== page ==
While many of these devices would be considered quack cures, outdated, and backwards in so many ways according to what we know now; they were once considered to possibly be the latest and greatest in medical innovations. Much of what I have pinned here has an eye to women's health throughout history (specifically Obstetrics), and the progression of medical science through the ages.
beautiful women have curves!
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Cyclopia (also cyclocephaly or synophthalmia) is a rare form of holoprosencephaly and is a congenital disorder (birth defect) characterized by the failure of the embryonic prosencephalon to properly divide the orbits of the eye into two cavities. Its incidence is 1 in 16,000 in born animals, and 1 in 250 in embryos, one in 2,500 that end in miscarriage.
Continuous baths were one form of hydrotherapy used in mental hospitals beginning in the early 1900s. Patients would spend from a few hours to a few days surrounded by flowing water. This treatment was used to induce relaxation in excited or agitated patients, as well as to relieve pressures from bed sores and other physical ailments.
Continuous Bath Time
Continuous Bath Time - Continuous baths were one form of hydrotherapy used in mental hospitals beginning in the early 1900s. The technique was derived from German spa treatments, where people would spend from a few hours to a few days surrounded by flowing water. This treatment was used to induce relaxation in excited or agitated patients, as well as to relieve pressures from bed sores and other physical ailments.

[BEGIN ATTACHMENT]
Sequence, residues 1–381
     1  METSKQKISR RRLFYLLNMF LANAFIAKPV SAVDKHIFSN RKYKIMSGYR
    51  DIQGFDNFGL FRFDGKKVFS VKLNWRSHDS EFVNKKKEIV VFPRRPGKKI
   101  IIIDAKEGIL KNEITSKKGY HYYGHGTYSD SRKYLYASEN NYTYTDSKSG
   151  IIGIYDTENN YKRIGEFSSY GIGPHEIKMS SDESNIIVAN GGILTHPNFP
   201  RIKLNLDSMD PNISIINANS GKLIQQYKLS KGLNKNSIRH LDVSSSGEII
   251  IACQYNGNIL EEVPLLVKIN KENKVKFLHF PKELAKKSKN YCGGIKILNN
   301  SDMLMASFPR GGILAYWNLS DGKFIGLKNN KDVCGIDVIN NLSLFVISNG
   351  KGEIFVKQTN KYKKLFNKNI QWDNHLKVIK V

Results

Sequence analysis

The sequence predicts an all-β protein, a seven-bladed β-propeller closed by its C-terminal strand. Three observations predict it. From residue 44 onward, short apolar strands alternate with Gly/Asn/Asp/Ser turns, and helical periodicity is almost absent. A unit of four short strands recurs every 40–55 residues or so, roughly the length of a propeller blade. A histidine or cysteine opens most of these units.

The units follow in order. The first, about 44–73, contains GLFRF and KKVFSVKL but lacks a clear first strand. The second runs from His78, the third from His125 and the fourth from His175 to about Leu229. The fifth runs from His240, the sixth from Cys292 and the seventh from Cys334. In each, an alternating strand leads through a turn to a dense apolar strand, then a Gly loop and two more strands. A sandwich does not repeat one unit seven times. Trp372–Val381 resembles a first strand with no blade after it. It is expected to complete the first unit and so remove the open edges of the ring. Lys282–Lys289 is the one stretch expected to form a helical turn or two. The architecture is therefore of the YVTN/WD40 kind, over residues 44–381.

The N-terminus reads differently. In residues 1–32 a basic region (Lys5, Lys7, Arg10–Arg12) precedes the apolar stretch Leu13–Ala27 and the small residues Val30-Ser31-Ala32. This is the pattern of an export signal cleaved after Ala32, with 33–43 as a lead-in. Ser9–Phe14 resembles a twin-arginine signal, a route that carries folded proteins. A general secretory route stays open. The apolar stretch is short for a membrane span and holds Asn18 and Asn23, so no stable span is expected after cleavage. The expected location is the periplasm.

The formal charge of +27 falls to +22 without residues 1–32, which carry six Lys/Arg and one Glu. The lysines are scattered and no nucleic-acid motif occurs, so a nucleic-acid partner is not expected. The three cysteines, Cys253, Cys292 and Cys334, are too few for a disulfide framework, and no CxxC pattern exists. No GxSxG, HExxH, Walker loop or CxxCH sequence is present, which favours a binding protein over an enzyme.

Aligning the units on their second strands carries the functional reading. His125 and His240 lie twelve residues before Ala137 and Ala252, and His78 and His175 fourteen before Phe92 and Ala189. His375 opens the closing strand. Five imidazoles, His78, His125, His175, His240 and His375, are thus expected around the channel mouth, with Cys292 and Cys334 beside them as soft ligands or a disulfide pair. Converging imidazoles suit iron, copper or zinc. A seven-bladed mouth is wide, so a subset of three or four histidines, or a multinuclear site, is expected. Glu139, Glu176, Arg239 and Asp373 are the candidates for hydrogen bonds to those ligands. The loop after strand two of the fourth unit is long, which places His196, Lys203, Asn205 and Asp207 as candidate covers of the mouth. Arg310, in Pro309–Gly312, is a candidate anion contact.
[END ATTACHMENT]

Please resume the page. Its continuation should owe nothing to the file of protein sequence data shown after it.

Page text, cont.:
☤ MD ☞☆☆☆ 1918 Spanish Flu.
Awakening from Keto-acidosis: The scientists went to a hospital ward with diabetic children, comatose and dying from diabetic keto-acidosis. This is known as one of medicine's most incredible moments. The scientists went from bed-to-bed and injected the children with the purified extract - insulin. As they injected the last comatose child, the first child injected began to awaken. One by one, all the children awoke from their diabetic comas. A room of death became a place of joy and hope.
Medical clothing worn during time of plague, 1819, Marseille
Using one's own finger to replace their nose. ~ A facial reconstruction technique used during WWI & WWII. Caption reads: "Rhinoplasty. Loss of nose due to an injury, and replacement by a finger in 1880. Surgery by Dr. E. Hart, photo by OG Mason, both of Bellevue Hospital, NY." via Otis Historical Archives of the National Museum of Health and Medicine, in Washington DC.
“A little girl (with polio, on a respirator) receiving tests gazes into pool containing baby ducks — an early use of animals as part of medical therapy, 1956.”
In 1961, Leonid Rogozov, 27, was the only surgeon in the Soviet Antarctic Expedition. During the expedition, he felt severe pain in the stomach and had a high fever. Rogozov examined himself and discovered that his appendix was inflamed and could burst at any time. With a local anesthesia, he operated himself to remove the appendix. An engineer and a meteorologist assisted surgery.
A Woman Pregnant For 46 Years Gave Birth To A Mummified Baby. In 1955 Zahra Aboutalib, aged 26 at the time, was taken to hospital after having been into labour for more than 48 hours without any sign of the baby. She needed to have a C-section but being extremely scared of the operation she left the hospital in panic.
A Woman Pregnant For 46 Years Gave Birth To A Mummified Baby.